Last Saturday, Nusra (not real name), an eight-year-old schoolgirl from the Ampara District was walking home in a by-lane when the father of her tuition teacher asked her to buy a bar of soap from a nearby shop.
When she returned to the home of the 55 year old ‘uncle’, she had been abused. Neighbours had rushed in when they heard her cries.
The suspect had fled, but was arrested by police after two days. On Tuesday, he was brought before a magistrate and remanded.
Like Nusra, there are thousands of children abused by adults, particularly by those who are close to their families, and members of extended families.
A data investigation by the Sunday Times comparing various data collected by the Attorney General’s Department under the Ministry of Justice, National Child Protection Authority (NCPA) and the police, shows that thousands of child abuse cases are piled up at the AG’s Department awaiting indictments at High Courts and further legal actions to resolve.
The investigation also shows that very few of those cases are resolved through prosecutions.
Every day, at least three children are being raped by adults in the country while nearly half of the total complaints are pending in courts awaiting further action, or there are delays in filing charges in courts, data on child abuse cases from 2010 to 2019 released by the police revealed.
This year alone from January to July, out of total 688 child rape complaints, police successfully resolved 256, while out of 666 complaints of other forms of child sexual abuse cases, only 294 were resolved.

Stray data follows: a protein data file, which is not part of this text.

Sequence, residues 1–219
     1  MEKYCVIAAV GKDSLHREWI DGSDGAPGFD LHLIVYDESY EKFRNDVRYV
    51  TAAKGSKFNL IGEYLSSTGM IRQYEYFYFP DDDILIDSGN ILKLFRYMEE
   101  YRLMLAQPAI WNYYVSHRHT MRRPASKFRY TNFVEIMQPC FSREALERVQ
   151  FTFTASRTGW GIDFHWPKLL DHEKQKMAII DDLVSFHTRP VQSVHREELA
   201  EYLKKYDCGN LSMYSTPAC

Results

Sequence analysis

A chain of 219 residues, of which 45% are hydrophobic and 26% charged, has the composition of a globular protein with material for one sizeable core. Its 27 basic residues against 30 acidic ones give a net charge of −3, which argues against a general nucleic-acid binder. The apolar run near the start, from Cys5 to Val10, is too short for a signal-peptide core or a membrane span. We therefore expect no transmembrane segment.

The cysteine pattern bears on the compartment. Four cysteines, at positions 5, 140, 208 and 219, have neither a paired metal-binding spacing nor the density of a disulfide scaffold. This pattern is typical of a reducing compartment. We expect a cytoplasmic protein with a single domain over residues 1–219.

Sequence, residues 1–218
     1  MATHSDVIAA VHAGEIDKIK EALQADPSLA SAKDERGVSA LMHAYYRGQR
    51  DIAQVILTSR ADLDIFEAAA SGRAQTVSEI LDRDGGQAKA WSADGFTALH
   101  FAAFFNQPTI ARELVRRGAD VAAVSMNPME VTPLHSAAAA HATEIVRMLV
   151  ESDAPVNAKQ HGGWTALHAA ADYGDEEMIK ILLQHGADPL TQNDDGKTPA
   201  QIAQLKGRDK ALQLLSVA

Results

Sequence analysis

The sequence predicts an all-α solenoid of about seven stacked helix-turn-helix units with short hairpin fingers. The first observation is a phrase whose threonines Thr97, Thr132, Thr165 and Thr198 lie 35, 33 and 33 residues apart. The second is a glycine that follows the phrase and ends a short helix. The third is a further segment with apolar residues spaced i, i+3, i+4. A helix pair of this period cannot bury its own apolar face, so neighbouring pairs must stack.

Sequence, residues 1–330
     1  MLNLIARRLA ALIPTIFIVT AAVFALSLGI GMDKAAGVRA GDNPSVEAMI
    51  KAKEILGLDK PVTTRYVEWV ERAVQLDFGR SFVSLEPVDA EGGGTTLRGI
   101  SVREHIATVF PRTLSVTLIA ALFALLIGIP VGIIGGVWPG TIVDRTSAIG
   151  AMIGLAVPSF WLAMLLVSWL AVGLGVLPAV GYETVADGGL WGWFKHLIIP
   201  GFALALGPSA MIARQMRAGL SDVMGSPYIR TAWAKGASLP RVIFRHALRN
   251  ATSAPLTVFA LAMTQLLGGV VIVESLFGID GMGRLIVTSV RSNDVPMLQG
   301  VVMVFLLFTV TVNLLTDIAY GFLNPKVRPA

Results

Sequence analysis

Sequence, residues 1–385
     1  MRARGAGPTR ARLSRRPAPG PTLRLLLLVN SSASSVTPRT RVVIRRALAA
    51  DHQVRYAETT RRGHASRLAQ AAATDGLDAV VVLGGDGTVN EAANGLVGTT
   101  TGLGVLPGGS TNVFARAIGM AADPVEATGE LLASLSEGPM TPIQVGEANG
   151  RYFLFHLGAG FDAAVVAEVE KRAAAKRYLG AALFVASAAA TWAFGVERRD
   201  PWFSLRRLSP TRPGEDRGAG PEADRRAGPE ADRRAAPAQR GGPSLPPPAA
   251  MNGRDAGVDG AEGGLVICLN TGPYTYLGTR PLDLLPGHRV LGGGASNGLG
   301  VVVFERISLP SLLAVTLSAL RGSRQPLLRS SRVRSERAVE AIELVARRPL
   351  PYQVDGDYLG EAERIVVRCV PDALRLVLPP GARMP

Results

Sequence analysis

Interestingly, police which resolved almost all complaints they received in 2010 (1,772) and 2011 (1,989), found it difficult to conclude cases as the years went by with 7,584 cases yet to be resolved. The data from police show child abuse cases have been increasing since 2012.
Last year, out of 1,384 child rape complaints, only 604 were resolved.
The AG’s Department said that from January this year to July 31, some 3,113 child abuse cases were concluded where 1,881 indictments were served in High Courts. Advice was sought on 399 cases and 833 cases were discharged.
According to the NCPA, at least 9,000 complaints are recorded annually on various forms of abuse, including cruelty to children, sexual harassment, rape, grave sexual abuse, child labour and trafficking.
Most complaints were received through 1929, a toll free 24-hour hotline.
NCPA Chairman M H.M.Abhayarathne, told the Sunday Times that lack of funds and shortage of people at the grass-roots level in addition administrative shortcomings are the main obstacles affecting efficiency and effectiveness in dealing with child abuse cases.
Mr. Abhayarathne, who refused to comment on child abuse cases piled up at the AG’s Department for years, noted there are some other administrative shortcomings that cause delays in resolving complaints.
“I have no direct control over them [the police investigation unit], therefore I cannot demand them to fast track investigations,” he said.
Noting that the highest number of complaints received by the NCPA across the country was related to cruelty to children in various forms, Mr Abayarathne added that people must learn to treat children with respect and dignity. The NCPA has begun awareness programmes such as ‘Jana Paura‘ or people’s shield, to educate the masses on protecting children and their rights.